The 7/8 also has trouble sitting in the little floor stand because it’s just slightly too small. I’ll have to look into adjustments to this, though it’s not really a huge deal.

This fiddle is in no way as small as the 3/4 I tried out. But I’m going to stick with it because any reduction in size is a help to me. I also know you can’t always find a 7/8 just anywhere readily. I feel like the better fiddle might be easier to play in the long run, so it might offset the trouble I was having — I’ll have to see as I practice with it.

Back Confusion

I had a moment of confusion about the make of the fiddle when I saw that my Master didn’t have a one-piece back like I’d seen in the pictures and the videos. I went through and checked different videos online to determine if I was just confused about the whole thing, but no… they all had single-piece backs. So that, on top of the peg issue (which I talk about below) prompted some concern.

Sample image of the full-sized one-piece back Master

I wrote the Fiddlerman support folks with my question, and sent the picture of my fiddle’s back. They went out of their way to check their stock and explain that due to being a fractional size instrument, there’s sometimes a change in design due to the wood available. However, I was reassured that it shouldn’t change the sound or play-ability. Plus I really like how the back of the fiddle I was sent looked anyhow.

I was more concerned there’d been a mix up even if the label said it was a Master. Turned out that it was just me being overly scrutinizing. But even so, Support was great and responsive – they even tried to offer a discount due to the confusion, but I told them it wasn’t necessary. This was completely on me and my curiosity.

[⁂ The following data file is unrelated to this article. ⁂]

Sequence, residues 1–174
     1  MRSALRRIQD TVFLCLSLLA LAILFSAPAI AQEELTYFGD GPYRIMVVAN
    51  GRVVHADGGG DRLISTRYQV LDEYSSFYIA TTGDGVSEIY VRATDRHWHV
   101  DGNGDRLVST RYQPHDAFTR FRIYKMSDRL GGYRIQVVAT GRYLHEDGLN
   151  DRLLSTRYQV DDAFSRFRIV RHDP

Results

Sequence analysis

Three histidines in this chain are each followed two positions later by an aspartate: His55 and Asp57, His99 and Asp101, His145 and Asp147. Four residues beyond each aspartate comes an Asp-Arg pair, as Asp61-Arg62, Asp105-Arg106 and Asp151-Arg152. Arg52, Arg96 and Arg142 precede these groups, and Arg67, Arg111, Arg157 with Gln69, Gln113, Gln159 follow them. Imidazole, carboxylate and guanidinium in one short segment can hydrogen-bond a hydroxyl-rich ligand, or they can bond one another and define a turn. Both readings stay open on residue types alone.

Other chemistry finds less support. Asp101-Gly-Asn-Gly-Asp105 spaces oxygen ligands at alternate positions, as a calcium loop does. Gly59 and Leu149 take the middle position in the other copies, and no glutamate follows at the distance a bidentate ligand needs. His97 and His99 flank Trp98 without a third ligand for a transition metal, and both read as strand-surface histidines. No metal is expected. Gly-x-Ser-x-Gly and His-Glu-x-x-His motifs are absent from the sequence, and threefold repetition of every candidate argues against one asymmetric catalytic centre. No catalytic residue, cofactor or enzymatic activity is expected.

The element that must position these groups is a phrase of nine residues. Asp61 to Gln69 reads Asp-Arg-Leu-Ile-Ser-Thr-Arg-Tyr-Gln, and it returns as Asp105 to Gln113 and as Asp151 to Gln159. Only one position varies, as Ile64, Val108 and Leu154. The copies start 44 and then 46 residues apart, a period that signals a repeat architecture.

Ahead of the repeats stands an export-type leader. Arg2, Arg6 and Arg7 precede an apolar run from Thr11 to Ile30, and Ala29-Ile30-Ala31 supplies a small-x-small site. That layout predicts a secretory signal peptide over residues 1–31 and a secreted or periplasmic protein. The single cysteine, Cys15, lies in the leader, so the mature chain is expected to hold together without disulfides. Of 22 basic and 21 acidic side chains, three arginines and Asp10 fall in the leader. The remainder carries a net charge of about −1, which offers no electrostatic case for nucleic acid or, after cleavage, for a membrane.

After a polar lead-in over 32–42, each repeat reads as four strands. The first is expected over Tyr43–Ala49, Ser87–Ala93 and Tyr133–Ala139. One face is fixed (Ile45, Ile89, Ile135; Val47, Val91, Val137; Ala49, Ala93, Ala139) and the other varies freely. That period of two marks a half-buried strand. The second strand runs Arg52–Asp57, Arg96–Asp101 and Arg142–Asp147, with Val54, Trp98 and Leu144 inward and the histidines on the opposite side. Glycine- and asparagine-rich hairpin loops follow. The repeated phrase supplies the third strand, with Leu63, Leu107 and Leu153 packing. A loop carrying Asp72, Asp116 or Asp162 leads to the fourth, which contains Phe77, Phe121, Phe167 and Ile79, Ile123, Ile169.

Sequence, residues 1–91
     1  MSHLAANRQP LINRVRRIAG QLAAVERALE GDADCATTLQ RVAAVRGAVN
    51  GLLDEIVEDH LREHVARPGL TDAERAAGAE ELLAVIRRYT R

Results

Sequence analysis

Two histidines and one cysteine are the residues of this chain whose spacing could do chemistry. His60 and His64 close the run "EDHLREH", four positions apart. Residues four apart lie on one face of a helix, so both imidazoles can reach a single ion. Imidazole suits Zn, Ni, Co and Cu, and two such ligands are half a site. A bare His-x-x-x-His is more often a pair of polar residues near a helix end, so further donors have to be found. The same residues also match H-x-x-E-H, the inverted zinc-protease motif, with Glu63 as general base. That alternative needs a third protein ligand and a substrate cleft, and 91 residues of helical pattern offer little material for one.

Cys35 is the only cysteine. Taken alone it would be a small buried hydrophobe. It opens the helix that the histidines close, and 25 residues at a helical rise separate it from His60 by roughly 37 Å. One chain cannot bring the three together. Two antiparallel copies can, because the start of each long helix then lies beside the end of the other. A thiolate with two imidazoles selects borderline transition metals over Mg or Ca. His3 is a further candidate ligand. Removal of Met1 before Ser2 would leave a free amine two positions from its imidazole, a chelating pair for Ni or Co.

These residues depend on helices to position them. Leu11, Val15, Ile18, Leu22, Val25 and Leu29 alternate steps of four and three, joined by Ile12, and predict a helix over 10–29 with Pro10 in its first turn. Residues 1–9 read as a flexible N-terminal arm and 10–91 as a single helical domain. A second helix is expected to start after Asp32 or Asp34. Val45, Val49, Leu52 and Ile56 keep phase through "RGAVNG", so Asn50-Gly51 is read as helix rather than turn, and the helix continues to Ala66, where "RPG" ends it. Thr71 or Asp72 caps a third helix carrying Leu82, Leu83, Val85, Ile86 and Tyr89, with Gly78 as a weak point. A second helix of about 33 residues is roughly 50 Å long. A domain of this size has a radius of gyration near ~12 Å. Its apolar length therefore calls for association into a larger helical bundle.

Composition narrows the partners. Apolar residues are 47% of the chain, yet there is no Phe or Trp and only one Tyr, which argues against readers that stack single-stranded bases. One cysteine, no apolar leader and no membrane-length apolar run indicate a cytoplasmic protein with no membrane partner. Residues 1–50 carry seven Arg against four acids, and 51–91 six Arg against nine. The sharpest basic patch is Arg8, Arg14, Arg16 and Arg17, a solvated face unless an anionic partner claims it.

But the stories are true of the excellent Fiddlerman support. I feel like should I have any real issues, they’ll go out of their way to fix them, and I’m confident about my purchase.

Small Flaws

The Master isn’t absolutely perfect, however. Aside from the two-piece back confusion, I did see a tiny little chip on the front of the pegbox when I did inspection. But that’s nothing I’m going to return the instrument for. It kinda gives it character, and wasn’t a chip in the varnish.

The one thing I did find (and I’ve heard about this from other reviews) is where the cork of the chin rest was connected to the wood, the finish is slightly textured. It’s as if the chin rest was put on before the varnish was completely done drying.

Of course one of the first things I had to do was fit my own flatter chinrest to the new fiddle (which turned out very easy to do). Because it’s not the same shape as the previous chinrest, you can see the two rectangular places the old chinrest once sat, still marked in the finish. It’s very light, and it doesn’t stand out a whole lot, but I know it’s there. I tried washing it lightly with a damp rag, but it was pretty much part of the instrument.

I actually found a fix for the chinrest cork residue! See the post here!

This is a tiny bit of an annoyance for the cost of the instrument. However, it’s not a deal breaker for me. I know that the fiddle is probably going to see its share of nicks and scratches on down the line, even as careful as I’ll be with it. My Bunnel is actually in great condition for being in my hands as long as it has been, though.